Involvement in research a game-changer for students

Step inside the many laboratories and research centers at the three University of Washington campuses, and you will find more than 8,000 undergraduate students taking part in research. Come May, more than 1,000 undergraduates will file into Mary Gates Hall to take part in one of the UW’s proudest events: the Undergraduate Research Symposium.

This celebration of cutting-edge research by so many students started in 1997 as a small academic conference. It has grown into a huge, annual event with several thousand attendees in which students, faculty and the public come together to discuss their research and discoveries.

Before the late 1990s, undergraduate students rarely were involved in real-world scientific research. Their lives were filled with classes, clubs, social activities, sports —in other words, college life as we knew it. But UW leaders ventured that inviting even the newest students to do research, conducted under the supervision of faculty mentors, would produce graduates who would be better prepared to take on the future. It became a national model.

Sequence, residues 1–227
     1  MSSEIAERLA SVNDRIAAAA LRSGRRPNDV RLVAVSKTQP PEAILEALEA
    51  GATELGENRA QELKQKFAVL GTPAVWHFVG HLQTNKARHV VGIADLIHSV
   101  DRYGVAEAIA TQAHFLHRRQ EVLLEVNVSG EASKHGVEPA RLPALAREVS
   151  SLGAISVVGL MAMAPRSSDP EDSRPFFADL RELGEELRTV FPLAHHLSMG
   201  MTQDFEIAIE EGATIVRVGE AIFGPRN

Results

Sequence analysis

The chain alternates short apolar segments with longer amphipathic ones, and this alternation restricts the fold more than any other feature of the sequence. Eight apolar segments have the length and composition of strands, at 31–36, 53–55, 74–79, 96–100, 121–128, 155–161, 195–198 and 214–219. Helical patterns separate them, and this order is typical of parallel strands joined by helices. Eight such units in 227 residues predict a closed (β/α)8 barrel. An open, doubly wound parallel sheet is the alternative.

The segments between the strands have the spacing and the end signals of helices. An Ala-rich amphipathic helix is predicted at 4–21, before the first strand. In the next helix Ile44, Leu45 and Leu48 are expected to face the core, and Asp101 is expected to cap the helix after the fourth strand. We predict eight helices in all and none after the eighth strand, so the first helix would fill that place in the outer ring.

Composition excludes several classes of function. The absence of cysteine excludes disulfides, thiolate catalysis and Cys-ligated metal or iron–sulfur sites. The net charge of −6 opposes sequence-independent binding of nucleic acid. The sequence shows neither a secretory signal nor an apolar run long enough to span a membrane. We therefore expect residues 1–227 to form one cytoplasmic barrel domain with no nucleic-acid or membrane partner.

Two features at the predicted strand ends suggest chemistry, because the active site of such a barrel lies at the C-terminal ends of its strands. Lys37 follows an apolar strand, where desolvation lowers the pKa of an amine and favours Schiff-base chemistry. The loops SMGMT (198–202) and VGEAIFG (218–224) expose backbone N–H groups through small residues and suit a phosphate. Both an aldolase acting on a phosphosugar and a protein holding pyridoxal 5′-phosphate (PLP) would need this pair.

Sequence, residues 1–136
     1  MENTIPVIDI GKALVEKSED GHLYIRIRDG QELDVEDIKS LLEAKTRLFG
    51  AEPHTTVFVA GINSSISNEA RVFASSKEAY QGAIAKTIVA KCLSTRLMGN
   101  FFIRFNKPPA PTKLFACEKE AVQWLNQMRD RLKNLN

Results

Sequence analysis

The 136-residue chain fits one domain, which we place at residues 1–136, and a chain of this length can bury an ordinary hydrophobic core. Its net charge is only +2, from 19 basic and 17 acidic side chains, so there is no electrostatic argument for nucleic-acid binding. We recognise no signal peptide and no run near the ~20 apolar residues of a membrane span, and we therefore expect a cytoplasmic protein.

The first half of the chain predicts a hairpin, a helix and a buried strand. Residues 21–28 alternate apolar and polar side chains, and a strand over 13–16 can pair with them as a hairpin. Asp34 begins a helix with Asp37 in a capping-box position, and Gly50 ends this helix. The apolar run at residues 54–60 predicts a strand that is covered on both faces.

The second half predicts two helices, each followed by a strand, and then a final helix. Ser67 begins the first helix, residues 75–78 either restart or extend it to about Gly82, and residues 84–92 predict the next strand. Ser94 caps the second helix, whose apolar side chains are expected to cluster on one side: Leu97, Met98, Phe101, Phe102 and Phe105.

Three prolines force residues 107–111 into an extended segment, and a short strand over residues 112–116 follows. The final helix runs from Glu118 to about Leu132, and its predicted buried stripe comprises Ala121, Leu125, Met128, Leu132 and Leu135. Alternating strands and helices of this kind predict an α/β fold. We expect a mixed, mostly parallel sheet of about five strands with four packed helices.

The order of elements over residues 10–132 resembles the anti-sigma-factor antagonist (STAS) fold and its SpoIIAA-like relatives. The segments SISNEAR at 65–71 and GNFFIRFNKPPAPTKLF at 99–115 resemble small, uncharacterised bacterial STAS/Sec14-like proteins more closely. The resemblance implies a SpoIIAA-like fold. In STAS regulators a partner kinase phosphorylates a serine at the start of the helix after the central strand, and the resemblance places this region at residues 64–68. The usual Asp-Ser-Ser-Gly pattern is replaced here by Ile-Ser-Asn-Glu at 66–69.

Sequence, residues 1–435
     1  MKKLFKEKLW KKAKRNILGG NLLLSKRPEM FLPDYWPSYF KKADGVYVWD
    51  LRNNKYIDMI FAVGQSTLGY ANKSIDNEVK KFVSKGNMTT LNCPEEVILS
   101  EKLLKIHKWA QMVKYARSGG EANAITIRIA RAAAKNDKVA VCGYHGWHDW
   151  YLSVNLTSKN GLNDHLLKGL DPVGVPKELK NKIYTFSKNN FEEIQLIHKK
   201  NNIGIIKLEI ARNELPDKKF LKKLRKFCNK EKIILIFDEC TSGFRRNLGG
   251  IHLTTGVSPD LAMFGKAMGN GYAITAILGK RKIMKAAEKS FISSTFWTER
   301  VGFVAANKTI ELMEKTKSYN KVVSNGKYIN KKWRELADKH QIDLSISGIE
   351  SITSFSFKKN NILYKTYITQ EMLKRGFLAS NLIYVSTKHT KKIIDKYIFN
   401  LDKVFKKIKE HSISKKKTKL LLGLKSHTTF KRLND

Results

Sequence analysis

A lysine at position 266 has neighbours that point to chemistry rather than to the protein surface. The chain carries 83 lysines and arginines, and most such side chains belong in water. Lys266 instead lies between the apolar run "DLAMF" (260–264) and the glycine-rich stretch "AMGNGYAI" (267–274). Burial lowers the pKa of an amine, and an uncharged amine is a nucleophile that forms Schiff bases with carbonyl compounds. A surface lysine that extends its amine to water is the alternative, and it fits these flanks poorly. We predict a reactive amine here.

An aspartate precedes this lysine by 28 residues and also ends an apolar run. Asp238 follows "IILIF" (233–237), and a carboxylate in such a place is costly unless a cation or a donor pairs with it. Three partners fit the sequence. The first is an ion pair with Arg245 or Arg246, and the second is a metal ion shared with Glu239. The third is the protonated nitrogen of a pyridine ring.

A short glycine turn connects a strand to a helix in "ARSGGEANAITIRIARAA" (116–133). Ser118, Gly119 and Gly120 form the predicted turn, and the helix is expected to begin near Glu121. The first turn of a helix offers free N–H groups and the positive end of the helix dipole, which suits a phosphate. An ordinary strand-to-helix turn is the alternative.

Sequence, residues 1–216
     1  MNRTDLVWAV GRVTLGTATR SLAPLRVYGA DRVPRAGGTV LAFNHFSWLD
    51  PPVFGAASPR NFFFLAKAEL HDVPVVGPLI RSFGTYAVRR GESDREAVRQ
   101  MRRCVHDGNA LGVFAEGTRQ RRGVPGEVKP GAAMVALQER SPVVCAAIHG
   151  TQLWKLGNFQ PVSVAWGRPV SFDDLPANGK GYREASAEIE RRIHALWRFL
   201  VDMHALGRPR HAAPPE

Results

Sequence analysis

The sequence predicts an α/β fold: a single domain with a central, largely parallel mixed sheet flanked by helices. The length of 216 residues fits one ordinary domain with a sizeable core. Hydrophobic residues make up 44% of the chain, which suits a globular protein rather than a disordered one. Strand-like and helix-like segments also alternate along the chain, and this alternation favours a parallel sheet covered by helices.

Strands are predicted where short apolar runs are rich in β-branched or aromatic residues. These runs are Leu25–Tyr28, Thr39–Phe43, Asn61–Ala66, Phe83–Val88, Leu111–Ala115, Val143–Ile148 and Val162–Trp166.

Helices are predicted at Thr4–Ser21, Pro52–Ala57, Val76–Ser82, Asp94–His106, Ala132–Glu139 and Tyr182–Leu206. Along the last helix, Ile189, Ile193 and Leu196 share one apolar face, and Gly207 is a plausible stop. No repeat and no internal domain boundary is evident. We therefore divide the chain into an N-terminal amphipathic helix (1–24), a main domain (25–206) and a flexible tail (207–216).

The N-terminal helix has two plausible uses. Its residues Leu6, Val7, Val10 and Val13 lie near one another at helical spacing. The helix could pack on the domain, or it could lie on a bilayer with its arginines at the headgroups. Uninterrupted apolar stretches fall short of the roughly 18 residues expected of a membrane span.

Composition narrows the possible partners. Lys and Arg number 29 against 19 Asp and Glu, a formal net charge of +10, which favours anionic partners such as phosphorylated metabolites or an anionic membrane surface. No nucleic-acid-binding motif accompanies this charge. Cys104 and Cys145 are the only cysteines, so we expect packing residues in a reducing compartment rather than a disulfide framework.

The impact: In a recent academic year, 8,299 undergraduates worked with UW faculty mentors, devoting 1,512,617 hours to research projects across the University’s colleges, schools, departments and research centers. Students from all academic disciplines on all three UW campuses—plus other, local invited campuses—presented their research at the annual May capstone symposium.

Kira Rosenlind started doing research as a freshman. Today, she is a senior working on a Fred Hutch Cancer Center project, studying bone marrow failure. While the project doesn’t connect to her major in business, she’s gaining insights about human health and leadership, thanks to her mentor, Dr. Sioban Keel.

Then there is Michael Cho, ’22. When he was incarcerated before coming to UW Bothell, he dreamt of working in computer engineering. At the UW, he performed research in machine learning, exploring how to remove racial bias from software used by law enforcement and other agencies. Today, he’s at Georgia Tech pursuing a Ph.D. in computer engineering.

This is impact. This is what public investment in higher education produces.